Religious persecution harms individuals, communities, official says
Violating religious freedom harms not only the individuals being persecuted, it also damages communities and often opens the door to further violence, a Vatican representative said.
Archbishop Ivan Jurkovic, the Vatican observer to UN agencies in Geneva, also insisted governments should make sure laws allow for conscientious objection, so people can “act freely, in accordance with their deepest conviction.”
The archbishop spoke on Tuesday during a session of the Human Rights Council devoted to a report on freedom of religion or belief. The Vatican press office released the archbishop’s remarks the same day.
“The right to religious freedom blossoms or withers together with all human rights,” he said.
Despite decades of progress in putting the freedom of religion and belief alongside the right of freedom of expression “as one of the centre pillars of the architecture of human rights,” he said “recent reports on the abuse of this right are astonishing.”
“They are worrisome,” he said, “for the predicament of victims who, in so many parts of the world, courageously face discrimination, intolerance, aggression, imprisonment and even death for staying faithful to their conscience.”
It is also worrisome for the future because when people and communities “are not allowed to live and celebrate in coherence with their deepest convictions, the bonds that keep society together dissolve and the violation of rights often turns into a violent crisis.”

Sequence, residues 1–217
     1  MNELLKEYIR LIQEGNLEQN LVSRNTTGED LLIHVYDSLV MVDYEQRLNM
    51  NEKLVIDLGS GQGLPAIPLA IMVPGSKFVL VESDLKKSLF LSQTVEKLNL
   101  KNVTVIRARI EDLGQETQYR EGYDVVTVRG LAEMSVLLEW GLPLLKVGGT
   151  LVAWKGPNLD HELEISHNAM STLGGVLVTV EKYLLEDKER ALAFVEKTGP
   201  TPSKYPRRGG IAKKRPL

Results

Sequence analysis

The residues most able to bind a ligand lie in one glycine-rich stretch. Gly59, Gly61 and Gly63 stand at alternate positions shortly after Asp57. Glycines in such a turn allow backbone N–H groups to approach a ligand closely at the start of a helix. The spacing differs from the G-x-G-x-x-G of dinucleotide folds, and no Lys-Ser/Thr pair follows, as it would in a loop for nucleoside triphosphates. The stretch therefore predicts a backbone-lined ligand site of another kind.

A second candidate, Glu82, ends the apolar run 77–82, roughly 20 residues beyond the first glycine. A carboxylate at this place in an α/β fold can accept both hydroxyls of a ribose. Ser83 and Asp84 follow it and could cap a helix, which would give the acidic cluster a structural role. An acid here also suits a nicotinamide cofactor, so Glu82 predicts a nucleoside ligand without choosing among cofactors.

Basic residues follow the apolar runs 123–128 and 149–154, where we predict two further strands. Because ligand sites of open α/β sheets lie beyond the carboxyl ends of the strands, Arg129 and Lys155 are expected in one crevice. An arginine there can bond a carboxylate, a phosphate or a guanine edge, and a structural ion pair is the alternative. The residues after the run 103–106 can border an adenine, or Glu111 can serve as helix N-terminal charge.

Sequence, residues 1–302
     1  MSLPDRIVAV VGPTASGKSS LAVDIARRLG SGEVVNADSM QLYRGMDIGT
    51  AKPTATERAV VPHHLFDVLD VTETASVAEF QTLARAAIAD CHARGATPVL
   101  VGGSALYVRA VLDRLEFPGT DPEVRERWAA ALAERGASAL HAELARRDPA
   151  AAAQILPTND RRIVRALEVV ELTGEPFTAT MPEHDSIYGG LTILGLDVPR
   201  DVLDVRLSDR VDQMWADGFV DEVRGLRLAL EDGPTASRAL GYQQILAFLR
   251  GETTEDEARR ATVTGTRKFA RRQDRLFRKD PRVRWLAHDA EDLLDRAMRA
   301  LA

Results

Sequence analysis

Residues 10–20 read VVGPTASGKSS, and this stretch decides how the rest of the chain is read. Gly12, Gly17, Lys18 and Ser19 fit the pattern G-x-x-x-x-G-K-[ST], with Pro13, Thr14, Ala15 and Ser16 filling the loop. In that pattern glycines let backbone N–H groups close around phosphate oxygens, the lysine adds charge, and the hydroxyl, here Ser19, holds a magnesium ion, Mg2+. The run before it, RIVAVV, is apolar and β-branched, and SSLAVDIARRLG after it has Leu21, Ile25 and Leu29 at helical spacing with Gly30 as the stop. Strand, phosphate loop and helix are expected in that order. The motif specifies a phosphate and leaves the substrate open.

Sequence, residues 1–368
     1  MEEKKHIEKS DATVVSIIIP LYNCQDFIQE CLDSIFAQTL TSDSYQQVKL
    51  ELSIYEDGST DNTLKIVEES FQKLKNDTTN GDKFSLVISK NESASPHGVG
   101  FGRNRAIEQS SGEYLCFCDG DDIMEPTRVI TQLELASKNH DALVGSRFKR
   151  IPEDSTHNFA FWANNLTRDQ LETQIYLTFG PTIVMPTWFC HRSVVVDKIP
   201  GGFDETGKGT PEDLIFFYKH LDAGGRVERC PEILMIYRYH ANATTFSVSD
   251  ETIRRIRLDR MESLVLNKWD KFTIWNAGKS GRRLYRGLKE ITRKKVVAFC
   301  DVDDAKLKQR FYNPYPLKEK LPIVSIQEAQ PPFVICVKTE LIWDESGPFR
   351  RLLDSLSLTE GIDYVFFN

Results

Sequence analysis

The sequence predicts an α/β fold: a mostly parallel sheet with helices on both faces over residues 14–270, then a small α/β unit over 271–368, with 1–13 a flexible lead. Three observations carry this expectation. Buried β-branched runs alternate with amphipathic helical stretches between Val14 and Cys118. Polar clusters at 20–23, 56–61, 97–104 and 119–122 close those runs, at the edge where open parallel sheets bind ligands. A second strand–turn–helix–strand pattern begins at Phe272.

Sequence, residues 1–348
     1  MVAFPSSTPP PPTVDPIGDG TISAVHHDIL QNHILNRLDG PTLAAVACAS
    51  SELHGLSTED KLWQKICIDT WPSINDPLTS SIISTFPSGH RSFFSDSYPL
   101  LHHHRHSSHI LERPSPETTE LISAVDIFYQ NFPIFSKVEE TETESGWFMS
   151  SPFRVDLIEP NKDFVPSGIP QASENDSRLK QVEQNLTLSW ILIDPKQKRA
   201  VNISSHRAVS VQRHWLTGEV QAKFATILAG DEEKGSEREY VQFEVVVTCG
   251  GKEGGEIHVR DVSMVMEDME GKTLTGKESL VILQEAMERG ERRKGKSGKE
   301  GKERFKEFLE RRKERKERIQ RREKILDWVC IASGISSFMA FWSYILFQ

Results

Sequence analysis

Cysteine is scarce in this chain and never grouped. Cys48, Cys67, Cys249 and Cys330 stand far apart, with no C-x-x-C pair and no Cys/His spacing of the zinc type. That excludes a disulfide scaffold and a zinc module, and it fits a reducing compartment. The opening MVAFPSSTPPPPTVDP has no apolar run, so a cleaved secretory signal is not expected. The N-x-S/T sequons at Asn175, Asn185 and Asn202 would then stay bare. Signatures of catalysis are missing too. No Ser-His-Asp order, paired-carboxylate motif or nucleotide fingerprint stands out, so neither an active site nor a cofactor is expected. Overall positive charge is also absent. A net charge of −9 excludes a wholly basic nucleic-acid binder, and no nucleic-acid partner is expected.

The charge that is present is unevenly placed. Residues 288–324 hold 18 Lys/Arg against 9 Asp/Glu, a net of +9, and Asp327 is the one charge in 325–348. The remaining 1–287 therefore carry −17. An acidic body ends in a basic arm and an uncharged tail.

Another aspect of freedom of religion that “should be given due consideration,” he said, “is the freedom from any form of coercion to act contrary to one’s faith.”
With so many more people of different cultures, religions and beliefs living side by side, it is “vital and sensible to incorporate into legislation, with due prudence and wisdom, options that allow everyone, when faced with a problem of conscience, to act freely, in accordance with their deepest conviction.”
Archbishop Jurkovic lamented increasing calls to restrict the right of conscientious objection. Quoting a statement by Archbishop Paul Gallagher, the Vatican’s foreign minister, to the Human Rights Council last month, he said the desire for such restrictions “show how some politicians and even some quarters of international agencies, forgetting their nature and acting without a mandate, are still uncomfortable with the right of freedom of conscience and belief.”
Photo: People kneel during a Mass celebrated for terrorist victims at St Elizabeth of Hungary Church in Paris in 2015.